In another study carried out at the Psychiatric Institute of the University of South Carolina, when wheat eaters were given a dose of naloxone, they ate 400 calories less that day. The logical conclusion to this would be that removing the wheat means you eat less calories. This is certainly the case in many trials of low carb diets – people following the Atkins diet automatically reduce the amount they eat overall. A big part of this could be due to the fact that they have eliminated wheat, which it appears, is an appetite stimulant. I think many people can identify with this – you could eat half a packet of biscuits or several slices of cake but still be hungry an hour (or 10 minutes!) later.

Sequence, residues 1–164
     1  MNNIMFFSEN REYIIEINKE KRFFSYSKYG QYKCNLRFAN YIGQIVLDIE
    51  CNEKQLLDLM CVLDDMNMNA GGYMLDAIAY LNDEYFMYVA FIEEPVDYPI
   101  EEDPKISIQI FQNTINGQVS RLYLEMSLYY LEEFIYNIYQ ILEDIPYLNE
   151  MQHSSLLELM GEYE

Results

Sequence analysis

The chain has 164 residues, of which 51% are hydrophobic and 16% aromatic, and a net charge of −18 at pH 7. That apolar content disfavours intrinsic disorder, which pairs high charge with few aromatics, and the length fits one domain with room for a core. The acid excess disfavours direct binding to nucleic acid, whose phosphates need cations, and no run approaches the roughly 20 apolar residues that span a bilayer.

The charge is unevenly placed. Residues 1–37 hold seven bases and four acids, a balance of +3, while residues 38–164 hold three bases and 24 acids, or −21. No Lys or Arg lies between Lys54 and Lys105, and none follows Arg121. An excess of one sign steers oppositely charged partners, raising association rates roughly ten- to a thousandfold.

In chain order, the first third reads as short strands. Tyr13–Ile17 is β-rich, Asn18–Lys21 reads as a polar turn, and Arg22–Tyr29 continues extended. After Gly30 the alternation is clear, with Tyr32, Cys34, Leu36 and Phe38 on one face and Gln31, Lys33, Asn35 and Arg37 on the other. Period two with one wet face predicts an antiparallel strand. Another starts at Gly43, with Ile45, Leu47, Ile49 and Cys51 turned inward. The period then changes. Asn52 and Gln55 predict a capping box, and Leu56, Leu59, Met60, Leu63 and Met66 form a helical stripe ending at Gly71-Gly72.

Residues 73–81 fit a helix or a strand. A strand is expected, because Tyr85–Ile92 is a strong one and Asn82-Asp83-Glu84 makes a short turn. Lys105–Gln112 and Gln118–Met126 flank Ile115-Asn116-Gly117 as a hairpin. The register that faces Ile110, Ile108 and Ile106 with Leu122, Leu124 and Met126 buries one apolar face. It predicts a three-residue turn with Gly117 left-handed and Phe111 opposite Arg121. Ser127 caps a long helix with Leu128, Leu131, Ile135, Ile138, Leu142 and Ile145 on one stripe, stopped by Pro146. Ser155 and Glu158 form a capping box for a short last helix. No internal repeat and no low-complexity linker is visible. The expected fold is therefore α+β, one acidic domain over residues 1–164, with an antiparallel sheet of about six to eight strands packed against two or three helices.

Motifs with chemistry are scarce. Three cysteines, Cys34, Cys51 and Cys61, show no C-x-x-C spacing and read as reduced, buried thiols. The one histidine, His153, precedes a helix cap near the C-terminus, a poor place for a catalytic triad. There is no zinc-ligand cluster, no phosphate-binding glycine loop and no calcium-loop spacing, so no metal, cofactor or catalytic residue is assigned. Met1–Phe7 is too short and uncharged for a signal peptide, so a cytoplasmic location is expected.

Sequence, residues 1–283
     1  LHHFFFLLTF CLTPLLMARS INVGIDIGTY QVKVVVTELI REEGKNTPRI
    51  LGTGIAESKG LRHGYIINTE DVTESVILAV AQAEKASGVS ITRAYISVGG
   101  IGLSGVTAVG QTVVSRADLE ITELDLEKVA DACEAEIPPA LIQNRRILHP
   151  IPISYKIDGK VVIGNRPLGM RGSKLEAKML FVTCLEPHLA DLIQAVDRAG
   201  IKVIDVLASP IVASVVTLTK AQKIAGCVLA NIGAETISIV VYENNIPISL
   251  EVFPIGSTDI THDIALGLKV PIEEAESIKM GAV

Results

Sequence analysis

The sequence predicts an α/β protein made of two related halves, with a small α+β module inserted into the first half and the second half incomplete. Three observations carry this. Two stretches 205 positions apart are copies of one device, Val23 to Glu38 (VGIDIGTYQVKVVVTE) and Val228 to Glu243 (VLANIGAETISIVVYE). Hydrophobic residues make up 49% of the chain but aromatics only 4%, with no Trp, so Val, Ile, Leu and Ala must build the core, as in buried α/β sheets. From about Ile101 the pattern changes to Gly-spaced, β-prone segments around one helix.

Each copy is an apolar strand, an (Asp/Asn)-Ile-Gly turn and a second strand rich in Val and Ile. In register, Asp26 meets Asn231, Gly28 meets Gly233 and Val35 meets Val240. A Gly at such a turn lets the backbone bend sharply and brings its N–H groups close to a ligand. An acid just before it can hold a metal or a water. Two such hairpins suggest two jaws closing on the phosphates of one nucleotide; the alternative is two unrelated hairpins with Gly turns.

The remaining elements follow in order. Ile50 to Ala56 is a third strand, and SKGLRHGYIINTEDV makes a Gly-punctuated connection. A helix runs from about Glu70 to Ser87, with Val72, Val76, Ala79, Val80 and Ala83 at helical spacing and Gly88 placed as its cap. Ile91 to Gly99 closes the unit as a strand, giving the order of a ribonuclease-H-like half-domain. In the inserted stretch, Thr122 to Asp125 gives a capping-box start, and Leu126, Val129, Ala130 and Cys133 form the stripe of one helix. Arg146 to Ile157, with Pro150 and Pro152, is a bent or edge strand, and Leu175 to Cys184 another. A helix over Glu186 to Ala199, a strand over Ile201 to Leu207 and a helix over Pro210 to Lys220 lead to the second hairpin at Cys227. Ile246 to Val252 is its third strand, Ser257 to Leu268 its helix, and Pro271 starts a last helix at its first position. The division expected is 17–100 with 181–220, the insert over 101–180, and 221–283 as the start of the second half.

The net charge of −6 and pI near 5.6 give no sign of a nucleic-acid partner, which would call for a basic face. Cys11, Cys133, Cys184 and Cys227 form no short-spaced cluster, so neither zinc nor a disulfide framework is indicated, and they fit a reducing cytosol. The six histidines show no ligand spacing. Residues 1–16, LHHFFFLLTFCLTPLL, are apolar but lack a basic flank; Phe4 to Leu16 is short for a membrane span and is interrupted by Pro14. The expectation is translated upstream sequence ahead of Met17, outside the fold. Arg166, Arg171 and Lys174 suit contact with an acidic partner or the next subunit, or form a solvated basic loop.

For some people that stop eating wheat, they experience what can only be called withdrawal effects – fatigue, mental fog, irritability. Again this sounds very much like addiction. However the good news is that after a few weeks these symptoms disappear and people report greater clarity of mind than ever before, better concentration, increased energy. I remember one of our customers in particular telling me that she felt like a mental fog had lifted soon after starting Atkins. I don’t know about you, but I find it very disturbing that any food (and particularly one that health authorities tell us we should eat plenty of) can mess with our brains in this way.